Tuscaloosa, Alabama - be sure to stop by Snow Hinton Park to see the 7' tall aluminum sextant installation titled "Kaleidoscope" by by Eric Nubbe, a University of Alabama art alumnus and foundry specialist.
San Diego, California - a giant working kaleidoscope by Harmon Nelson, Vicki Leon, and Steve Riggs located in San Diego Harbor.
San Diego, California - in the Gathering Place, a community park at 50th Street and Imperial Avenue in Lincoln Park. It's made of old wheels and gears from re-purposed bicycles. It has several kaleidoscopes built into it, so when you look down a bike tube you see spinning shapes and colors.
Venice, Florida - Located in Centennial Park, the kaleidoscope sculpture is placed on an ADA-accessible concrete pad between the Centennial Fountain and the Gazebo and contains two bronze kaleidoscopes aimed at a rotating bowl of flowers maintained by Venice Area Beautification Inc. volunteers. The sculpture was purchased with private funds and given in memory of the late James Hagler, former Historical Resources director for the city, whose idea it was to purchase the interactive work of art.
Washington, DC - within the Bridge Operator's Tower on the Arland D. Williams Jr. Bridge (14th Street Bridge). Designed in 2008 by Mikyoung Kim, a Boston-based designer in response to a contest hosted by the city's transportation and art departments. Click here for a quick history of the bridge and the tower.
Twin Falls, Idaho - outside the Twin Falls City Hall, adjacent to the new splash pad is a massive kaleidoscope. Please share with your friends in the Twin Falls area and if you are there, stop by to experience the magic!!
Postville, Iowa - “Hometown to the World”, by kaleidoscope artists Steve and Peggy Kittelson, is a three foot diameter mosaic glass globe using colors and textures of stained glass to make the continents and oceans around the globe. The globe rotates on a metal base and is surrounded by three swiveling teleidoscopes, each having a different mirror system for a different image. The surface of the globe has been embellished with fused dichroic creatures that identify with their location - penguins in Antarctica; panda bear in China; elephant, giraffe, camels, and pyramids in Africa; whales, sharks, tropical fish, flowers, birds, and other surprises for the viewer to find.
It is an outside installation in a small park amid wildflowers in Postville, Iowa, and represents the diversity of Postville. The project is part of the statewide “Byways of Iowa Public Art Initiative” and was made possible through a National Endowment of the Arts grant secured by the Northeast Iowa RC&D in part with the Byways of Iowa Foundation.
Mt. Tremper, New York - The World's Largest Kaleidoscope, certified by the Guinness Book of World Records, stands at 56 feet tall (the size of the old barn’s silo). The concept was designed by award-winning kaleidoscope artist Charles Karadimos, with its initial specially created imagery-based video designed by psychedelic art pioneer Isaac Abrams and his son Raphael, a computer artist. With theater-quality surround sound and a musical score by composer and drummer Gary Burke, the kaleidoscope’s main presentations utilize video playing off a three-dimensional three-mirror system that creates “a precise pyramid tapering from 15 feet at the bottom to five feet at the top, which reflect a constantly evolving virtual sphere with a 50-foot radius.”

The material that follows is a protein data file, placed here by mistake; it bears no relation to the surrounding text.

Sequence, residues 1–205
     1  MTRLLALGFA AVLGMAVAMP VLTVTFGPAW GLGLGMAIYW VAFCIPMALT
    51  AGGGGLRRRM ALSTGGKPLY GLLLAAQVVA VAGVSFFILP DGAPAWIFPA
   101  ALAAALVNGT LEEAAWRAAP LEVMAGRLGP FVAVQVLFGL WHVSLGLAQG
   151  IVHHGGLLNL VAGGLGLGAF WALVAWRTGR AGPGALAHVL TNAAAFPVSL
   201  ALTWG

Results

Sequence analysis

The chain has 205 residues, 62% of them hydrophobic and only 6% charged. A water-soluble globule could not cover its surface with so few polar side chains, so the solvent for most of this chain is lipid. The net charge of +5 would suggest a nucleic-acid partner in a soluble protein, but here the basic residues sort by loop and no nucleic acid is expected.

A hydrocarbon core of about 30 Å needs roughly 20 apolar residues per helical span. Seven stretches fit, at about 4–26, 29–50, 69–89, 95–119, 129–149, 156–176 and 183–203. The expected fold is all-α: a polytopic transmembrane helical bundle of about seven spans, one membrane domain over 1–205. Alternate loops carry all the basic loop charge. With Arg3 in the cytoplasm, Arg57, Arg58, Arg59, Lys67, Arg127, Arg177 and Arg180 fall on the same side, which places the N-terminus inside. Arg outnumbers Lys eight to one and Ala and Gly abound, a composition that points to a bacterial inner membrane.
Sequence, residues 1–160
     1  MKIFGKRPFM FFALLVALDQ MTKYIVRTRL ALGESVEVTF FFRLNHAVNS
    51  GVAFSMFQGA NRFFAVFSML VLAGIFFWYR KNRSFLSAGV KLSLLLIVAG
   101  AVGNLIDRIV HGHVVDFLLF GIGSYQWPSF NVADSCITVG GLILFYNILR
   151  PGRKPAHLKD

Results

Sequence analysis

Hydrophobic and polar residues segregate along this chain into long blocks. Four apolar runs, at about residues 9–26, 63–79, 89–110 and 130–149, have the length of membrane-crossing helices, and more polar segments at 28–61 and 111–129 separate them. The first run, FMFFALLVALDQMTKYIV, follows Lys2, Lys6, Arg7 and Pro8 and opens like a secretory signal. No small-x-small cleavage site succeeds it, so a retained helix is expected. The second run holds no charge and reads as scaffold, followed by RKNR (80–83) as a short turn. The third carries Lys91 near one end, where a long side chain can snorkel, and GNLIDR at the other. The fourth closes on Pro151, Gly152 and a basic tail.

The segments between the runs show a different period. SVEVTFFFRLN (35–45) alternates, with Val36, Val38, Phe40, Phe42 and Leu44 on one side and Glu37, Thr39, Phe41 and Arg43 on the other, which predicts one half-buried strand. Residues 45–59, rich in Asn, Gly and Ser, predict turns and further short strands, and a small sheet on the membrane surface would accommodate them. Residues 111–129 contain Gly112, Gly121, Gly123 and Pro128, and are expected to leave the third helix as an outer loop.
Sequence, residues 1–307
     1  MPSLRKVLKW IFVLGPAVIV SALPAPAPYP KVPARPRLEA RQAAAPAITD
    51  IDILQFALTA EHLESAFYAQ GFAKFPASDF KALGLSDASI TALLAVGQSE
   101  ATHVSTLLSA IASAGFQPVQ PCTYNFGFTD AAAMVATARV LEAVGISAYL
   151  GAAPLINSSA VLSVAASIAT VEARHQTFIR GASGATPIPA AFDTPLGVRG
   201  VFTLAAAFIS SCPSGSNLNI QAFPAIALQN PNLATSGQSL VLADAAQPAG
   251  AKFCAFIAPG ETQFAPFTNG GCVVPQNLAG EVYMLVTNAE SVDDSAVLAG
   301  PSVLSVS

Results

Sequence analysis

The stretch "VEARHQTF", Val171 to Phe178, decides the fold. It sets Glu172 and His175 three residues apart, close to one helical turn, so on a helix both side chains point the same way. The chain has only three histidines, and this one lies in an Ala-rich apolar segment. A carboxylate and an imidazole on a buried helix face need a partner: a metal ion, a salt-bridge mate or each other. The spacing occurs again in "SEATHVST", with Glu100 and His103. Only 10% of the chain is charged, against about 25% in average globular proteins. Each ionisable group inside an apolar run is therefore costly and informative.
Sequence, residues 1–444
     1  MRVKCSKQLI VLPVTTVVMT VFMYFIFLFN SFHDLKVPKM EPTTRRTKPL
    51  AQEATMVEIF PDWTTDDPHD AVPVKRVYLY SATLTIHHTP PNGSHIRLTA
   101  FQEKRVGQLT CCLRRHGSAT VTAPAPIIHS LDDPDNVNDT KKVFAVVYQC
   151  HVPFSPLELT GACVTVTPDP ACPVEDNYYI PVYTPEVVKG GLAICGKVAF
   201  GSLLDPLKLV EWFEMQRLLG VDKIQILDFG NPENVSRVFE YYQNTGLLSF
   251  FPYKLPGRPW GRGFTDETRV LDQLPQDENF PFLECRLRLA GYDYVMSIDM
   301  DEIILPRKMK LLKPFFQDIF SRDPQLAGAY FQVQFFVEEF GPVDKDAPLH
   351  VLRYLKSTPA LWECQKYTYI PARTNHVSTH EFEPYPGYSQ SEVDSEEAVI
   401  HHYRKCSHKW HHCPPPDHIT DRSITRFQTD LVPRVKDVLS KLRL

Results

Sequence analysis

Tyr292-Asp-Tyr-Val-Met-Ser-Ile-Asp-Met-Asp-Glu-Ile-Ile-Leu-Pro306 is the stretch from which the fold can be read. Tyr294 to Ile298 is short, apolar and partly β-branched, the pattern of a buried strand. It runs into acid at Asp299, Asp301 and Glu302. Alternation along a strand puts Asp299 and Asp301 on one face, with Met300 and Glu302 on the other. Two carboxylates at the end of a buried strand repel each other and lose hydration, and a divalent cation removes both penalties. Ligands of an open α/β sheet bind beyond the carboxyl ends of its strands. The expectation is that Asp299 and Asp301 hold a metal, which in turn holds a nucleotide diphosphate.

Waxahachie, Texas - The six-foot-tall kaleidoscope constructed of steel and glass is installed on the corner of Main and College Streets. Eddie and Mary Elizabeth Phillips created the art pieces.
Alexandria, Virginia - Mirror Mirror is a kaleidoscope of color formed from an open circle that is 25 feet in diameter and 8 feet high. The structure invites visitors in, allowing them to move from the mirrored exterior into the rainbow interior. As the light changes, shapes and shadows dance in the reflections produced by both surfaces, creating mesmerizing patterns on the ground. Mirror Mirror, which is installed at the King Street Park at the Waterfront, will remain on view through November 2019
Des Moines, Washington - Marinascope is a steel buoy that was transformed by renowned glass artist George C. Scott into a walk-through kaleidoscope. Natural sunlight through fused-glass panels will illuminate the sculpture’s interior to reflect the city’s maritime connections and even provide a window to the community’s past with ghost-like images of historic waterfront scenes. Check it out in the South End of the Des Moines marina.
Wattens, Austria - This large kaleidoscope is made of of…you guessed it, Swarovski crystals. Swarovski World is home to 14 underground areas covered in these decadent crystals. The ‘crystaloscope’ is one of Swarosvcki World’s glamorous attractions, where designer André Heller created the world’s largest kaleidoscope.
Gstaad, Switzerland - Look closely or you may miss the incredible Mirage Gstaad, a stunning installation by Doug Aitken. With every surface covered entirely in mirrors, the centerpiece of Switzerland’s annual Elevation 1049 arts festival stands out, or more accurately, blends in. Installation on view until January 2021.
Surrey, United Kingdom - Newly exhibiting in June 2020 at the Hannah Peschar Sculpture Garden, Helen Twigge-Molecey has installed 3 ‘Kaleidoscopes’, featuring organic material sourced from the Sculpture Garden, an interchangeable pod allowing the viewer to insert what ever objects or materials one wishes and a series of resin ‘jewels’ housing foliage from elsewhere. Also installed is a ‘Teleidoscope’ - which captures views of the surroundings and creates magical patterns. Check http://www.hannahpescharsculpture.com/ for end date.